“I try not to write songs for as long as I can, then one day I’ll sit around and a fully formed song will appear in my mind,” says Jaisi Sheehan, singer and songwriter of Auckland retro-pop foursome The Psychs. It’s a Monday morning and the whole band share a couch in an Arch Hill flat to chat, over a cup of tea, with Silke Hartung, about their frustratingly still-pending debut album ‘Supa Colour’.
When I ask what the difference is between writing songs for The Psychs, and writing for his previous band The Electric Confectionaires, Jaisi Sheehan says it lies in who he writes for.
“It’s less about pleasing a crowd and more about making music I want to hear myself. I try to avoid all the genres, I just try to interpret the melody and chords in a straight forward way – that kind of makes its own style. More genre-mashing, or less genre.”
With their knack for singalong, lo-fi, ’60s surf sound, since forming in 2010 each of The Psychs’ singles to date have made it into high rotation on local indie radio stations. The rewards have included opening slots for well-established local acts such as the late Checks, the Earlybirds and Opossom. It was after playing with the latter at The Kings Arms a few years ago that the band was approached by Kody Neilson, a fan of the band, offering his hands and mind to record The Psychs’ debut album.
By the time Neilson was back in the country from touring the world, and ready to commence recording, the line up of the band had shuffled around majorly with only Sheehan remaining as founding member. New to the band, and still part of it now, were guitarist Lukas Starkey, drummer Tom Jennings and Sam Beca on bass. In mid-December 2012 the band hired out Rex McLeod’s drum studio in Onehunga to lay down the rhythm and guitar tracks for ‘Supa Colour’.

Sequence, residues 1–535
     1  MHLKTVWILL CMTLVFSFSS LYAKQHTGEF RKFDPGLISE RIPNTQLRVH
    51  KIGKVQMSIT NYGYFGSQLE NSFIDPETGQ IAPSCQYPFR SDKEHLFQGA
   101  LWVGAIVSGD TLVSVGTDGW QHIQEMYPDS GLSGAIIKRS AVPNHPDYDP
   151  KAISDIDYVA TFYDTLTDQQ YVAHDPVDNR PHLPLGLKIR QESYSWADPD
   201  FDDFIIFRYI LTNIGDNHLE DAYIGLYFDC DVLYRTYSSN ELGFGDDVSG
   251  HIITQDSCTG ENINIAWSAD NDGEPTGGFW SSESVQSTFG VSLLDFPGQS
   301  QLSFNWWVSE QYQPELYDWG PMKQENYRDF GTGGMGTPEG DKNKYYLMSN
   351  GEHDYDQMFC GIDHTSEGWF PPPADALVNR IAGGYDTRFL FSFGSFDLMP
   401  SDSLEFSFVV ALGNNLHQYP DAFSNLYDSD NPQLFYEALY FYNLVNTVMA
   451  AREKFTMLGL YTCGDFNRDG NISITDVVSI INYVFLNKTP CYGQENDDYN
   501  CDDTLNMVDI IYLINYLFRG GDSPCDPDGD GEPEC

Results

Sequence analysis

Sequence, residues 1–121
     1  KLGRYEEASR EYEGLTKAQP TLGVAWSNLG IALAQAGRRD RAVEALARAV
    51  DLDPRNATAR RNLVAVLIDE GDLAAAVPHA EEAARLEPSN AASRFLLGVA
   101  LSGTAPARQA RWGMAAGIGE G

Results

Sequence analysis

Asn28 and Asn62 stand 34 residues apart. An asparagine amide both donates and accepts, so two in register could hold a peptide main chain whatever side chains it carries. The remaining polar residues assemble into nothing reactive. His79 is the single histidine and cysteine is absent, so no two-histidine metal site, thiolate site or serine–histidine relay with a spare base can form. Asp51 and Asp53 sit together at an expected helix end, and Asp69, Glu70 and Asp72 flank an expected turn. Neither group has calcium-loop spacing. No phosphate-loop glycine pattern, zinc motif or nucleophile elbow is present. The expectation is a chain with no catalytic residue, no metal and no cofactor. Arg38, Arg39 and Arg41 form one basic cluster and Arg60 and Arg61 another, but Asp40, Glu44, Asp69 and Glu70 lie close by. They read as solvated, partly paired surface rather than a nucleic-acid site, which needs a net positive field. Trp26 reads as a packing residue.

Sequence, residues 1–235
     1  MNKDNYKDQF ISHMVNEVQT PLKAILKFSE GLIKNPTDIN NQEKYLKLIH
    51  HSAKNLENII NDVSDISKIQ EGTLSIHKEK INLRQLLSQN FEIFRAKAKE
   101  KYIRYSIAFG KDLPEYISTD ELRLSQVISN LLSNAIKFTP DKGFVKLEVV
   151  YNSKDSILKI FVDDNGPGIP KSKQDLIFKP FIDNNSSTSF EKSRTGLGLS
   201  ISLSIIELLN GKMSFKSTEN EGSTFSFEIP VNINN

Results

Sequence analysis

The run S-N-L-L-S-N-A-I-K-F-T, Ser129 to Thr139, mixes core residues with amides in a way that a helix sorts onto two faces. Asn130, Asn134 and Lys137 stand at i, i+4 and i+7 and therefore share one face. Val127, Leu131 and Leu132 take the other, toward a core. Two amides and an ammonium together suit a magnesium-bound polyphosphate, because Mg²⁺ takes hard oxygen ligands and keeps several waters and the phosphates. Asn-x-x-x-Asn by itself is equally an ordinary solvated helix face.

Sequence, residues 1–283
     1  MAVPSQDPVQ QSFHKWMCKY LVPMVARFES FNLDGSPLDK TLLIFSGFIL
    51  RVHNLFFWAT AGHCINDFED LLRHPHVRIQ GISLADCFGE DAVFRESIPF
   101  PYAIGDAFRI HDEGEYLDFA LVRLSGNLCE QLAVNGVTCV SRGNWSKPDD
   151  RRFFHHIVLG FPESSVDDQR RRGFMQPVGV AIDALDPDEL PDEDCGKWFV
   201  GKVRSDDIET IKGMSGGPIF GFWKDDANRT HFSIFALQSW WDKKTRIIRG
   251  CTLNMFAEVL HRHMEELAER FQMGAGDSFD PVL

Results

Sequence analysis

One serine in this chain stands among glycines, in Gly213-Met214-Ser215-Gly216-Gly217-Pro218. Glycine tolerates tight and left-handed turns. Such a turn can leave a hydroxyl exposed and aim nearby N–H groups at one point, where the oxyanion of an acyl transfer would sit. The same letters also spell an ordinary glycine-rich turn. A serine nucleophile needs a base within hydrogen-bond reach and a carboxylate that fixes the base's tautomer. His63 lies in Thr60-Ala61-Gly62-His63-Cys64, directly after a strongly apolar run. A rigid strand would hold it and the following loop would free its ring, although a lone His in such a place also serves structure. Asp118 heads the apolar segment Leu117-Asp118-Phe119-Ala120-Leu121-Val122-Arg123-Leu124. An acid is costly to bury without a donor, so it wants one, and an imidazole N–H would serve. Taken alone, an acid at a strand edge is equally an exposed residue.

“We told Kody we like everything really dry. We wanted a live sound, no reverbs or effects, a really bassy kick drum, a bassy ’80s snare sound – that’s what we were talking about when we first talked about the recording at The Kings Arms; how we could get a really good drum set up,” recalls Jaisi.
Neilson provided a lot of the gear for the recording as well.
“Kody brought in his beautiful microphones, cymbals, a snare – all vintage gear – and we also used Kody’s bass. We like everything to be analogue gear, valve amps and that. A nice authentic sound, you know?”
They found it a challenge to work as fast as they did in the sweltering heat of the studio. Drums and guitar tracks were recorded live at the same time, from different rooms, listening to each other through a closed door.
For Jaisi it was a challenge to record the vocals with Neilson right next to him, and with the rest of the band in the same room.
“I’ve never recorded vocals being surrounded by people!” he laughs.
They had decided to re-record all of the songs that were on their 2011 EP ‘Roaches’, to allow more time on the songs and improve the quality compared to the earlier recording.
“The record contains six old songs and six new ones,” explains Lukas.
The result is a consistently upbeat, danceable and catchy record with an authentic, warm quality. Giving a short glimpse of what to expect, new songs Madness and She Was A Girl have already done well on student radio.
With half the songs being two years old already and the recording done nine months ago, it has been a relatively long path from recording to a release (sometime later this year) for an independent band. In between mixing and mastering, Neilson was busy becoming a dad, there were delays getting contracts set up from his management at CRS, and the cover art had to be designed among other things.
At this stage, the band manage themselves, and pretty well considering their age and lack of experience. While they say there are no designated roles, they agree that Lukas has definitely taken on most of the communication duties, Sam takes care of graphic design, Tom drives everyone around a lot and everyone chips in and takes turns when it comes to booking gigs. With the album still progressing frustratingly slowly however they agree the band would benefit from a ‘proper’ manager.
As Lukas observes, “We could be recording more, play more gigs – we really have more to offer!”